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Temimichât-Ghallaman crater (Temimichat-Ghallaman crater)

WorldBlue  In short

Temimichât-Ghallaman crater is a very remote, large crater of unclear origin. Most likely it has been created by large meteorite but this has not been proved yet.

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GPS coordinates
24.2485 N 9.6496 W
Location, address
Africa, Mauritania, Tiris Zemmour, in the vast deserts in the north of the country
Alternate names
Temimichat Ghallaman, Timmimichat
640 – 730 m
Rim rises 35 m above surroundings and the the crater floor
Unknown, should be quite old

Map of the site

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WorldYellow In detail

Temimichat-Ghallaman crater was known to locals and was described by French explorer Théodore Andre Monod already in the 1950s. Nevertheless few scientists have visited this remote site in the inhospitable, almost lifeless plains of northern Mauritania.

This crater is well visible on satellite images or in nature, but it is more eroded than the other great Mauritanian craters – Tenoumer and Aouelloul craters – thus it might be rather old.

Crater is formed in crystalline bedrock – 3.5 billion years old Precambrian gneisses and gabbro of Reguibat shield.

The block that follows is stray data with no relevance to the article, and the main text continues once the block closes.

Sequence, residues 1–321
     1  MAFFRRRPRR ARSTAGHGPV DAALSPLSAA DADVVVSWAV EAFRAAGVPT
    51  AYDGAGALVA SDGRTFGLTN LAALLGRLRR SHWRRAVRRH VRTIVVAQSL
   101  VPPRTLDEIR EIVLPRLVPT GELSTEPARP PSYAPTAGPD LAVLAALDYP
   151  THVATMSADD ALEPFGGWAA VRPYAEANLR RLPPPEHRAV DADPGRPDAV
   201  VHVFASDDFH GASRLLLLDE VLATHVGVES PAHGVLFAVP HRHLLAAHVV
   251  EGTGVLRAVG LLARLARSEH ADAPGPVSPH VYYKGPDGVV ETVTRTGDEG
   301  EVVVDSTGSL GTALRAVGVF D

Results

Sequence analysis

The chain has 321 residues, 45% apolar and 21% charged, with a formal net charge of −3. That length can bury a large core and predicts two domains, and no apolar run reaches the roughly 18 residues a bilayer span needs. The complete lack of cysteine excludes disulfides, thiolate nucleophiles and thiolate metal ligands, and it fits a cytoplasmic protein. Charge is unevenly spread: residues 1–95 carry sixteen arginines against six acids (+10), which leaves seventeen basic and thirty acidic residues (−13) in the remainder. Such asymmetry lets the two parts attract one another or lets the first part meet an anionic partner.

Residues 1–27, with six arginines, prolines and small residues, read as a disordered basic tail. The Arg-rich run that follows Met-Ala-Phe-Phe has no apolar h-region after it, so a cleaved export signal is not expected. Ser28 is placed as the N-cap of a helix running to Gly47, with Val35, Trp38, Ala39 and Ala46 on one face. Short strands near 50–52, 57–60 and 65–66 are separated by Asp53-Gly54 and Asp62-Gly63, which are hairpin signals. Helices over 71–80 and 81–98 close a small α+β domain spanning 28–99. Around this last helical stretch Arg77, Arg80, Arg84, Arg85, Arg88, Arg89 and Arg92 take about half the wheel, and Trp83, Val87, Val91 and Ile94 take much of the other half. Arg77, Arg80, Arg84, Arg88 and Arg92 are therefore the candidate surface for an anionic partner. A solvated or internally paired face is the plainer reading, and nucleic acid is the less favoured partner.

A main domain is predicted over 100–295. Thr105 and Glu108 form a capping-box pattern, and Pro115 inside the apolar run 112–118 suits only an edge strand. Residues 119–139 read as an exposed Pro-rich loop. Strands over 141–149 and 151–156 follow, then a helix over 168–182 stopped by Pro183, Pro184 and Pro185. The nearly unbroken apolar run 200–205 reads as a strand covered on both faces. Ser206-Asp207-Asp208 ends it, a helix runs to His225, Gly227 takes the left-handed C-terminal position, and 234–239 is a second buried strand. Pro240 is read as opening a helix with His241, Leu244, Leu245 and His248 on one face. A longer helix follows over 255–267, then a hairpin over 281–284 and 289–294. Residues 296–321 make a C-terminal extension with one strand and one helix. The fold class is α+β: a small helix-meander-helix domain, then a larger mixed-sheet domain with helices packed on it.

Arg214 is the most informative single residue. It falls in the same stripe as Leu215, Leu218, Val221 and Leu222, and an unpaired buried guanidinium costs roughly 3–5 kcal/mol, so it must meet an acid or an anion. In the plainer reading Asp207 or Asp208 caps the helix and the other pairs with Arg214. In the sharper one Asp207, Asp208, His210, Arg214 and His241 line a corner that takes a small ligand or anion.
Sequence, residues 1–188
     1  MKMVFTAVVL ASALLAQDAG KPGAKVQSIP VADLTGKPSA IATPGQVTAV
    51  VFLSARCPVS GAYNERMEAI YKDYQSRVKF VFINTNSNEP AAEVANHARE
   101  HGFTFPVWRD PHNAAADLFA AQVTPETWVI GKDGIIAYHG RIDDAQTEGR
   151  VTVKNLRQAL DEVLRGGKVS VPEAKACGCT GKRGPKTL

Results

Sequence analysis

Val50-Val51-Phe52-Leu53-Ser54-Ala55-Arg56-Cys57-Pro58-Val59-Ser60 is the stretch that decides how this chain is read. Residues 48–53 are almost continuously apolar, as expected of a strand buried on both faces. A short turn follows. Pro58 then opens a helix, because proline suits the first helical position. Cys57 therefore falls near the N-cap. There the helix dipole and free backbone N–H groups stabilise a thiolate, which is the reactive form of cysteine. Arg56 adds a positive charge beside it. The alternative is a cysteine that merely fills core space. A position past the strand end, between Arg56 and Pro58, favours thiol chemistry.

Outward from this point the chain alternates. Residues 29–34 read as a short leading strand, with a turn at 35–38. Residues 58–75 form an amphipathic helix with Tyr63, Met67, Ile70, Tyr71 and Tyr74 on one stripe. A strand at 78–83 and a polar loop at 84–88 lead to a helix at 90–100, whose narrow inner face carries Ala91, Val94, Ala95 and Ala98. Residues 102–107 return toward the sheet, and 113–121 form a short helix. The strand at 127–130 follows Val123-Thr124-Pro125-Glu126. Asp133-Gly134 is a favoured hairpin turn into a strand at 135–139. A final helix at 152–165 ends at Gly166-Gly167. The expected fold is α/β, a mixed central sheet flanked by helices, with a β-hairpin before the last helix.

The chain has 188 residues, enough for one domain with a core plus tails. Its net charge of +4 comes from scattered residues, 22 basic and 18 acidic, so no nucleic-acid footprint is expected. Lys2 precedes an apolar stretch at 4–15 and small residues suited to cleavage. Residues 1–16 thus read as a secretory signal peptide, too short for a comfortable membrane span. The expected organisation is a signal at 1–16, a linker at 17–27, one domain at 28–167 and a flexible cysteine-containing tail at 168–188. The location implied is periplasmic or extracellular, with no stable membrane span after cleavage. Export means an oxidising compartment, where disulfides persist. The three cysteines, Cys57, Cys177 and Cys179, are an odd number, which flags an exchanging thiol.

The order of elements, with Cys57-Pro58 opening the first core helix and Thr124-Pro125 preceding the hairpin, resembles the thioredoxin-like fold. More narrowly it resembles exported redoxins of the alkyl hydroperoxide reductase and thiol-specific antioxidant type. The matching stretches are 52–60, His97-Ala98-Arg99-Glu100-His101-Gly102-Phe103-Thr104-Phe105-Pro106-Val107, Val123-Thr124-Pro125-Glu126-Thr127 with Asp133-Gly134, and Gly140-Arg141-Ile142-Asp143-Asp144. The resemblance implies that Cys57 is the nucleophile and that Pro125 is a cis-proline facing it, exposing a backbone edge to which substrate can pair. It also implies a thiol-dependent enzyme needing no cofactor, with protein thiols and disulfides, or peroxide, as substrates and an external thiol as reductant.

Rims of the crater are partly eroded, their height fluctuates from some meters to 35 m. The original circular form has been lost and now the crater looks rather hexagonal. The crater is filled with sediments – aeolian sand and silt.

The origin of this crater is unclear. Meteorite impact is just one of the possible explanations, although some aspects of the disturbed rocks show a possible impact event – re-melted granitic clasts, deformation effects, on the edges of crater are some blocks that seem to have a glassy cover.


  1. Rossi, A. P.; Baliva, A.; Piluso, E., New Indications for an impact origin of Temimichat crater, Mauritania. EGS – AGU – EUG Joint Assembly, Abstracts from the meeting held in Nice, France, 6 – 11 April 2003, abstract #7403. Accessed on December 26, 2012.
Temimichât-Ghallaman crater is included in the following article:

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